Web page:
“Please don’t get up. I’ve got your key. Just a second and I’ll bring it.” Avinashika quick-stepped through the garden and up her stairs. She opened the door, set her bag on the kitchen table, and grabbed the key from the windowsill. Back out the door and through the garden, she started speaking before passing the corner of the house. “I hope you haven’t been waiting long. I needed to pop into the market and ran into an old friend…”

The man met her at the corner of the house. “Please, don’t worry about it. I’m Tristam, but most people call me Tris. This is my wife Beatrix and our baby Eton.”

“It’s so nice to meet you. I’m Avinashika. I hope you’ll like it here.”

Beatrix looked up. “No doubt we will. We were rather surprised to find Willem was already gone.”

“He didn’t tell you when he was leaving either,” Avinashika stated.

“Well, he said it would be soon,” continued Tris. “We stopped by to see if maybe we could use some of his furniture.”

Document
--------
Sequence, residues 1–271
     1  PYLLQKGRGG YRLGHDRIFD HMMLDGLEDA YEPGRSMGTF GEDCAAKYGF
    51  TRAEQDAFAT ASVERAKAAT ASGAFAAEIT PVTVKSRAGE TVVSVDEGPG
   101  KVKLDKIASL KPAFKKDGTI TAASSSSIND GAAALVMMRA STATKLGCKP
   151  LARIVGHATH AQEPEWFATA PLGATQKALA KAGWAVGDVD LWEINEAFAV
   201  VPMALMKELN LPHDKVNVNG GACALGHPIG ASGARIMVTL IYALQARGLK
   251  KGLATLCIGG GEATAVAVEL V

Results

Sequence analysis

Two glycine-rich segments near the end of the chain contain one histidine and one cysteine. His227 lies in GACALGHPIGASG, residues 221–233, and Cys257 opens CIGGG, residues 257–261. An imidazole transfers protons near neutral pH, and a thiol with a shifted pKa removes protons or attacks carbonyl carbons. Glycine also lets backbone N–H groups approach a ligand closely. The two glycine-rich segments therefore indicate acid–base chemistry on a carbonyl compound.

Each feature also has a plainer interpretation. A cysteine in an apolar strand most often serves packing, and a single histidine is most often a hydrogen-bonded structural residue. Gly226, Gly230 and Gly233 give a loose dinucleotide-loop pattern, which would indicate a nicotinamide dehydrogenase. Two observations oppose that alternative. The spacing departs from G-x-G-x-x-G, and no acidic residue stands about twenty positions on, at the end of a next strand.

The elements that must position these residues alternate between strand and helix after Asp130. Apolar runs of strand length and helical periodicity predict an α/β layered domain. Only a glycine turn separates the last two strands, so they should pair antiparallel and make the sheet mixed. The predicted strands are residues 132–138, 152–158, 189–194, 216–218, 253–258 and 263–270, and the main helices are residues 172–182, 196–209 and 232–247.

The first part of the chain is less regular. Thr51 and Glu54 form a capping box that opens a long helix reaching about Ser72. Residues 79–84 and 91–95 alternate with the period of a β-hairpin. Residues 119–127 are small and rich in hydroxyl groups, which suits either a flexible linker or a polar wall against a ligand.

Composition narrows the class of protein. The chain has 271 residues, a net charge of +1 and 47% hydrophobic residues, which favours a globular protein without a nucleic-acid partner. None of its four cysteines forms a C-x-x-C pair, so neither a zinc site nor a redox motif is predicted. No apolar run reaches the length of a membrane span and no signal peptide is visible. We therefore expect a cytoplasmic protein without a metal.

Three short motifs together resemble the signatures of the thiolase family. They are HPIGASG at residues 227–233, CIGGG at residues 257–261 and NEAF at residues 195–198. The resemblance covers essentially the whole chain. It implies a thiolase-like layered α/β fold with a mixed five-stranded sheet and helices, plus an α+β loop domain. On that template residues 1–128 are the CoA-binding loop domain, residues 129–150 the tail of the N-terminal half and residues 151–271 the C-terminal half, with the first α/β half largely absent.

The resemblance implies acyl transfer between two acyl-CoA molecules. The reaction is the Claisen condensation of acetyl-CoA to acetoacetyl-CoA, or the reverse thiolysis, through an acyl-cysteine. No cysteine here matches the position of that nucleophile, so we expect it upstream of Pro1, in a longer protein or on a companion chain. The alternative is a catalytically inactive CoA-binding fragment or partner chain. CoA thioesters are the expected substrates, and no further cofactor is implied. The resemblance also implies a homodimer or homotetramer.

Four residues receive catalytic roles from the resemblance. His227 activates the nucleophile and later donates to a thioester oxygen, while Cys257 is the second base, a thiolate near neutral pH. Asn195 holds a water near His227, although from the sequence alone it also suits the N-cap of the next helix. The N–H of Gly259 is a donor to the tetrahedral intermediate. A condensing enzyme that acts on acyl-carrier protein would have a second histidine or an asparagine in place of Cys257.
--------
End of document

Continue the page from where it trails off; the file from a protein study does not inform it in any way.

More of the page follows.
“I’m sorry, but he cleared everything out last night. He mentioned you wanted some kitchen stuff. I hope it’s there…”

“Please, don’t worry about it,” the husband dismissed.

“We really do appreciate you holding the key for us,” continued the wife.

“When Eton’s finished, we’ll have a look around. Hopefully we can move in tomorrow – it just depends on the carting situation.”

Avinashika understood. “Well, if there is anything you need, please do not hesitate to come over anytime. And when you’re ready, I’m happy to babysit.”

“Well, we won’t keep you any longer, Avina…” he replied.

“Avinashika. And welcome to your new home!”